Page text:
Roundabouts are also generally judged to be safer for pedestrians because people on foot do not cross multiple lanes of traffic moving in different directions, according to the IIHS. Instead, they cross only one direction of traffic at a time and generally cross fewer lanes at a time.

However, the benefits for cyclists are less clear. Some studies have found that bicycle crash rates are not reduced by roundabouts and may even be increased, according to Many new roundabouts therefore include bypasses for cyclists that allow them to maneuver the intersection without joining the vehicles in the roundabout.

There are also concerns about the impacts of roundabouts on the visually impaired, who may be understandably reluctant to cross a street without some sort of traffic signal. It is possible to install signalized pedestrian crossings on each road connecting to a roundabout, but this greatly increases the cost of the roundabout and also prevents the free, continual movement of traffic that is one of the device’s benefits.

It’s important to note that modern roundabouts are very different from older traffic circles, which had confusing rules and different designs along with often-poor safety records. The primary difference between the two is that in modern roundabouts, entering traffic always yields to traffic in the circle. In old traffic circles, entering traffic was controlled by stop signs.

“To me, they’re pretty straightforward,” Nickerson said. “We have a roundabout at Brandon’s Gate [subdivision]. If they’re not designed big enough, it can be difficult for trucks to get around. But that will be handled in the design process.”

Brandon’s Gate has little traffic, as the subdivision is not fully developed. For busy Montezuma and Mildred, Cortez needs to perform a study of traffic flows, including different turn movements — the number of right and left turns, etc. — to determine “warrants.” So many right turns warrant a right-turn lane; so many left turns would warrant a left-turn lane, explained Nickerson. Additionally, the traffic study would be used to determine when traffic flow is highest during the day.

Nickerson says the study might also look at whether to change the grade of the hill on Mildred Road. “We would like to improve the sight distance, particularly improving Main Street coming up the hill,” he said.

But why a roundabout — why not keep the current four-way intersection, or install a traffic light?

“We know a signalized intersection presents some immediate pitfalls in that we could back traffic all the way back to Main Street,” said Nickerson. He added, however, that the traffic study must be completed before city officials will know for certain.

With a roundabout “we won’t have a signal to maintain. You can get more traffic into the intersection,” Nickerson said.

Another option is to close both left-hand turn lanes at the four-way. People turning left would line up with those driving straight across the intersection. The right-hand turn lanes would remain. Nickerson reiterated that the research necessary for this option has yet to be done.

“That would by far be the cheapest solution,” he said.

But: “It doesn’t really solve the traffic flow problem,” he added. “The problem with the intersection is you have a total of six options, with Montezuma hitting Mildred at all sides. A four-way works best when only one lane is going into an intersection. Right now, we would like to keep Mildred as free-flowing as possible.”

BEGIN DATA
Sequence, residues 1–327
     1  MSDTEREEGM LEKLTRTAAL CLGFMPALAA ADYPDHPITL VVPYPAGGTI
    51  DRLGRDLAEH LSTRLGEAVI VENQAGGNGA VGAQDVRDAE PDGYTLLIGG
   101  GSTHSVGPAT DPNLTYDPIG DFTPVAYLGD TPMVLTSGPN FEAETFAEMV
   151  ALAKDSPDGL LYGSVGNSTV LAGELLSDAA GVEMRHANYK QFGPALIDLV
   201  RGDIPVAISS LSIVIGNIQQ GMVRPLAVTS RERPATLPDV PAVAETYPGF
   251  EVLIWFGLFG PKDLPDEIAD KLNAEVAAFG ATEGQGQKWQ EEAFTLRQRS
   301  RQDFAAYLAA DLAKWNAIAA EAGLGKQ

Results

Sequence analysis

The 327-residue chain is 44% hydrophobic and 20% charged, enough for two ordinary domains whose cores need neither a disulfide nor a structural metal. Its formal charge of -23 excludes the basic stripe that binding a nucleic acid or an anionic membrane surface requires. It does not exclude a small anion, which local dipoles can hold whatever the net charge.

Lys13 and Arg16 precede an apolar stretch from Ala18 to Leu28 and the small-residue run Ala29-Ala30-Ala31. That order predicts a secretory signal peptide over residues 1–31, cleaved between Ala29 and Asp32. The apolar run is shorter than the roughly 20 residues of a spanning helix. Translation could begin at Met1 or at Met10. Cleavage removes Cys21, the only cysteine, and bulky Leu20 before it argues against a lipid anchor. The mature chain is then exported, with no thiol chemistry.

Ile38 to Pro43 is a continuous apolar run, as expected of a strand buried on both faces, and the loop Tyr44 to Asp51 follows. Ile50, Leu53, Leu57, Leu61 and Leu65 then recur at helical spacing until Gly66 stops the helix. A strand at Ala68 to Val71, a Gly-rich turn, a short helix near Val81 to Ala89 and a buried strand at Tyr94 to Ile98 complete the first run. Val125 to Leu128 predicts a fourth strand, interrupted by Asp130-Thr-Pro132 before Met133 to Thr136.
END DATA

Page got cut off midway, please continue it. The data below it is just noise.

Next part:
How much nearby park space a roundabout might gobble up is something Nickerson says he can’t comment on.

“We would have to look at how big of a radius we would need for a roundabout,” he said. “If we do place a roundabout, we would have to place the crosswalks beyond the roundabout, so there would be some [work to do there].” He said as far as he knows, the impact would be minimal.

The requisite traffic study is projected to cost $10,000, and is slated to go out for bid early next year. After that, the city plans to slate public meetings concerning preferred alternatives and their costs. No construction would occur before 2013.

Construction costs themselves depend on what option is selected, and if a roundabout is chosen, cost depends on its design.

“Telluride is looking at $2 million to $3 million. But they’ve got all the bells and whistles,” Nickerson said.

Telluride’s move toward traffic circles began several years ago, when the Colorado Department of Transportation suggested a roundabout to deal with the 10,000 vehicles Society Turn saw daily, Fraser said. Town leaders then researched that option.

“It ended up that we agreed,” he said. “It is longer-lasting, safer, more environmentally friendly because you don’t have cars sitting at a signal, and you don’t have people racing off. There were a bunch of reasons why it made more sense.”

The town has already built a small roundabout on Mahoney Drive in town, to deal with traffic backlogs near the school.

But talks on the Society Turn roundabout went silent until a few years back, when a poorer CDOT came back to town leaders with an offer to build a signal at the problem intersection instead.

“Our reaction to that was, no, we don’t want a signal. We want a roundabout. We know in the long term it is a safer decision,” Fraser said.

Telluride will pony up about $900,000 to add to the $1.3 million price tag. Fraser said Mountain Village and San Miguel County were originally on board to split the cost three ways, but budget constraints have since precluded that. Now, San Miguel County could pay $200,000 toward Telluride’s share, and Mountain Village might kick in $25,000 or more, Fraser said.

A plan to deal with the intersection is long overdue, he said.

“During busy times, you’ve got people guessing as to when is the best time to cross over. We look at this [from] the point of view of safety as a major factor. Otherwise, why would we be doing any of this?” Fraser said.

“It’s not an emotional issue. Some people say it’s just aesthetics. But overriding for me, a roundabout is far and away the best trafficcontrol mechanism that exists for us.”

Whether a traffic circle is the best option for Mildred and Montezuma remains to be seen. “The traffic counts may say we do nothing for 10 years,” Nickerson said. “We’ll do the study and we’ll move on from there. But I will say that intersection probably generates the most complaints in town of any of the intersections that we have.

“We’re just trying to plan for the future a little bit.”

To comment on the proposed project, visit the public-works office at 110 W. Progress Circle; call 565-7320, or email Nickerson’s assistant, Donna Thompson, at dthompson@ Put “Roundabout” in the subject line.


From December 2011.